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I started creating a API for a new site I'm working on.

I originally wanted to make it an normal REST API but I keep thinking about how cool thrift would be with the ability to compile multiple client libraries in one batch.

Is Thrift a viable option for a public API ,sockets and all, or should I stick with REST?

And if REST what would the best approach for creating multiple client libraries or would I just have to get down and dirty and actually write them?

Else if Thrift, would I compile the libraries and just offer download links or simple give the developers the .thrift file to generate their own library ?

Note: It's still a small site so I would create the Thrift Specification file just for the API.

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It depends: who will connect and how? (Personally, I've found ProtocolBuffers to be nicer and better designed, even if there is no "standard" RPC server. For more sophisticated RPC there are things like ICE but, again, who will connect and how?) –  user166390 Apr 6 '12 at 0:52
So in Google Buffers I would be able to still define the object types, serialize and send over http. Much like a replacement to JSON but with a defined Type that a Client is Expecting? Have any experience with this in PHP ? –  Johann du Toit Apr 6 '12 at 0:55
Protocol Buffers is a binary serialization protocol, much like Thrift is. (Thrift is just an "all-in-one" package since it also includes the service end-point implementations.) There is support for RPC end-points in ProtocolBuffers, as RPC support was designed in, but there is no "standard" server implementation. There is, however, projects that provide the appropriate RPC end-points. –  user166390 Apr 6 '12 at 2:26
If you decide to go with REST-like APIs: and want stub generation, check out swagger, and if you want generic client check out HAL and Hypermedia APIs in general. –  mb21 Sep 24 '14 at 12:21

4 Answers 4

up vote 9 down vote accepted

First, REST and Thrift are apples to oranges -- former is a general style, latter specific binary RPC system.

But for public interfaces I think that REST using standard textual formats (JSON or XML, usually) makes more sense; as it is easier to access from any language or platform; and although there are Thrift clients on many platform it is still more work. It also forces specific access style on clients, pretty much having to use specific Thrift client library.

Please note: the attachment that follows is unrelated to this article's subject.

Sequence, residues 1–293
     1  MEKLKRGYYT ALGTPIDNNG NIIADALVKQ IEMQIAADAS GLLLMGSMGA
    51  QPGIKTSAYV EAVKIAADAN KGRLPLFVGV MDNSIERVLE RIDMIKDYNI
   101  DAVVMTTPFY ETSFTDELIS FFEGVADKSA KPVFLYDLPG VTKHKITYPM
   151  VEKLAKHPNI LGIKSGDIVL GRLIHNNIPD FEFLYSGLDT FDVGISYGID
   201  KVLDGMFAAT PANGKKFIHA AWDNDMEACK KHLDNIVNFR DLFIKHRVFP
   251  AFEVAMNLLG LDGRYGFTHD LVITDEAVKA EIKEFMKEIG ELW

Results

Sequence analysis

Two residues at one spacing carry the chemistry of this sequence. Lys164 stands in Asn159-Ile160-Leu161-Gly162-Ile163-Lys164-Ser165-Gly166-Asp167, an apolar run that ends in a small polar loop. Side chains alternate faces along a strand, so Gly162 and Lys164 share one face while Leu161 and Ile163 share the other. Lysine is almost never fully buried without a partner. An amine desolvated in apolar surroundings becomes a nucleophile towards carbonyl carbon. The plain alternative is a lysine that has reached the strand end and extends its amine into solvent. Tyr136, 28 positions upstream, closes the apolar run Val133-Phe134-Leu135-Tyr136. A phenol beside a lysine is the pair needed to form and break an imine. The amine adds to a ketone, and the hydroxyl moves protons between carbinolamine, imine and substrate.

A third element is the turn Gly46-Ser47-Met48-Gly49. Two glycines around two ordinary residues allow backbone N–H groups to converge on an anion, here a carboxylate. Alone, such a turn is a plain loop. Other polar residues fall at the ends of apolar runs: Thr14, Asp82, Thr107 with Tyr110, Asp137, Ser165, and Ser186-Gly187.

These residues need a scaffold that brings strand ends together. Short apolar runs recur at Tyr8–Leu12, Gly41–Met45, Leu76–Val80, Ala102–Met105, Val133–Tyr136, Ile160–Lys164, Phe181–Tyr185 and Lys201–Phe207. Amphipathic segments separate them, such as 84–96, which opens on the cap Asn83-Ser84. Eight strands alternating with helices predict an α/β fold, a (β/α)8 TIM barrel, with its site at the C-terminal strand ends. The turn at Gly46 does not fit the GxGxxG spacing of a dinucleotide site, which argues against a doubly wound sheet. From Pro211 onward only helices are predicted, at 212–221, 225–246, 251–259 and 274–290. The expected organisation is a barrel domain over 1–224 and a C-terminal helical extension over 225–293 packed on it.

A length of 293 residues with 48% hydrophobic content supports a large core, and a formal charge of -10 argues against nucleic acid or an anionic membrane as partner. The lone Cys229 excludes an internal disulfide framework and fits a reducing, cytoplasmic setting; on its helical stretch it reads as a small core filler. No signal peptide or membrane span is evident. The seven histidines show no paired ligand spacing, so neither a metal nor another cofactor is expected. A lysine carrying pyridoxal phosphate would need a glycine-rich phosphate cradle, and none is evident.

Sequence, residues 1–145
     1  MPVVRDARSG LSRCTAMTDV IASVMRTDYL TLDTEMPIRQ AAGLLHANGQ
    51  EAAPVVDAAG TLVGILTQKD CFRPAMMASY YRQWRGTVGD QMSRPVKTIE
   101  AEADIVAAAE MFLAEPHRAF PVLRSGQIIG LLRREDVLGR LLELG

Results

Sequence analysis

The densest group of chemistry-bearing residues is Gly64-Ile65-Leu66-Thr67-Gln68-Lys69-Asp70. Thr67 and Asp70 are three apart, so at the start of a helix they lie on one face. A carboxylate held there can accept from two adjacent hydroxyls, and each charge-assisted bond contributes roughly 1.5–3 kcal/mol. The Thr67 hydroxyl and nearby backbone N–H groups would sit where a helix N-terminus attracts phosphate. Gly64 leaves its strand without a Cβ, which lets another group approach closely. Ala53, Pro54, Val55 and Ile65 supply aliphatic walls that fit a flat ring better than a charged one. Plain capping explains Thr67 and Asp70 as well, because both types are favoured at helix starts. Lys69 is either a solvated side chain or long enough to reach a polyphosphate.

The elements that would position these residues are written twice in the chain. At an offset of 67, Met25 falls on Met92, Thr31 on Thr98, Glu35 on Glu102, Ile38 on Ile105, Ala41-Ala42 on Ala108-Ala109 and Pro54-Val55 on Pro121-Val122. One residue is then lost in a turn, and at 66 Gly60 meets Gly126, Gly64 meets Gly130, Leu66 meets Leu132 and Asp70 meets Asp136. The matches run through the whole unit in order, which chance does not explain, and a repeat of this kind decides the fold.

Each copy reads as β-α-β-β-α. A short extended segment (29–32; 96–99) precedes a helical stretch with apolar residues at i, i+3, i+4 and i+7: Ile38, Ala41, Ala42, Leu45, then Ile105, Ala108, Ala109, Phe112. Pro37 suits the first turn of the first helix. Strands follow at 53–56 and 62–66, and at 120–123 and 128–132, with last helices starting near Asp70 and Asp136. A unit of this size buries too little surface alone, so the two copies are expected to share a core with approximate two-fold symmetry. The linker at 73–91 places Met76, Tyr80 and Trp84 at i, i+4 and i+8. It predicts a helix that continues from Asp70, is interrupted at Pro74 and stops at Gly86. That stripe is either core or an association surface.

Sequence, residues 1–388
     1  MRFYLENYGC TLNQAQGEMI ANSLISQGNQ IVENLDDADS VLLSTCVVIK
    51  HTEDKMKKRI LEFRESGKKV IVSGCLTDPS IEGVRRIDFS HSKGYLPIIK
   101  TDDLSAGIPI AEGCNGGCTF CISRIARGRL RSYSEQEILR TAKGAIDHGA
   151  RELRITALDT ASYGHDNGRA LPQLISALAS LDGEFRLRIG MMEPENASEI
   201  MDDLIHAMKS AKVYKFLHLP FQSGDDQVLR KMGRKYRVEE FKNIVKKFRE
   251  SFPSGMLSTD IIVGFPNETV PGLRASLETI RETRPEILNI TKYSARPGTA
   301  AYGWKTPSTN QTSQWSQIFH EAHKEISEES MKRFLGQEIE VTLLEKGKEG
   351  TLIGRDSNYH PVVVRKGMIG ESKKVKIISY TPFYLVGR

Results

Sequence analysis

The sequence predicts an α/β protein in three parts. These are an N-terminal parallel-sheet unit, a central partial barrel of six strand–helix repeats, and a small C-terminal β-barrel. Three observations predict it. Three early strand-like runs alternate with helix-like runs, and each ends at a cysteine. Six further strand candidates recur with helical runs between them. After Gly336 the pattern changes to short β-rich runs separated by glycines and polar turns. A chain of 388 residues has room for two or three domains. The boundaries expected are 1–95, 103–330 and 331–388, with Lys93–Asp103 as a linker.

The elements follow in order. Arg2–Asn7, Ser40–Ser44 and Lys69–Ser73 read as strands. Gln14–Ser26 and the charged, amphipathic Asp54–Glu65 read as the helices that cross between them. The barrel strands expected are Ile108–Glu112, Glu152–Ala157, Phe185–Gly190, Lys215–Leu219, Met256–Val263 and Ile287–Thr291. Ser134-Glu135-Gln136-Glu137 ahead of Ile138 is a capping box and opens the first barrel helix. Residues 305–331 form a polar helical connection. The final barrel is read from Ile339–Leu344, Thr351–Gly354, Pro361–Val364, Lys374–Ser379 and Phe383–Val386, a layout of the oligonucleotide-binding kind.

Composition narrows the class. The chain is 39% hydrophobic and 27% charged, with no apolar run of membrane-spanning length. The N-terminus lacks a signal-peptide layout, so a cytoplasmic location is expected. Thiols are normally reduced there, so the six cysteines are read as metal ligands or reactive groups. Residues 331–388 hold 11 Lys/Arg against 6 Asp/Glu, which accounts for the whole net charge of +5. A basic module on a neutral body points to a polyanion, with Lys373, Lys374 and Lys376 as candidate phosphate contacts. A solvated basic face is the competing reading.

So question would rather be what exactly are you trying to gain? What exactly do you consider "cool" there? If you just want to play with new technology, there's nothing wrong with that but you should first play with it, then see if it makes sense.

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Just looking at different ways of doing things. Was building the Rest API and the Java Library and started wondering can't this be done for me? But I agree REST would be the most usable by any of the clients accessing the API. But this all this work per library seems like trouble. What if I add another parameter to a object in the output of the API, I then have to update all the client libraries for the value and mistakes are bound to happen. Any advice ? –  Johann du Toit Apr 12 '12 at 9:17
Same is true with Trhift, n'est pas? You must modify schema, everyone must recompile this to new classes... With Java though, REST, I use POJOs, which can be shared. Data binding packages (Jackson for JSON, JAXB for XML) can deal with serialization/deserialization nicely. And then basic HTTP client (Apache or async-http-client); or better yet, Jersey-client, can make access simple. –  StaxMan Apr 12 '12 at 18:41
Makes sense thanks. Ended up writing a normal rest api and making custom libraries. –  Johann du Toit Apr 13 '12 at 13:49

If your API is simple enough that you can express it with REST and with acceptable performance, than it would probably better to stick REST, since there is usually lower barrier to write client code for REST based API.

If on the other hand REST has complexity or performance issues, go with thrift or something else more suitable.

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You will be in the same boat if developing different libraries yourself. I think REST would be easier for people to use even without the library (or if they implement their own). On the other hand if what you like about Thrift is that it is binary, json can be used in similar way too, check here for more info http://bsonspec.org/

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The big advantage of REST is that you don't have to create the client libraries. You can just point devs to your list of endpoints and they should be able to figure it out from there. Some big badly designed REST services will provide client libraries to mask their ugliness, but if the API simple and well designed it shouldn't be necessary.

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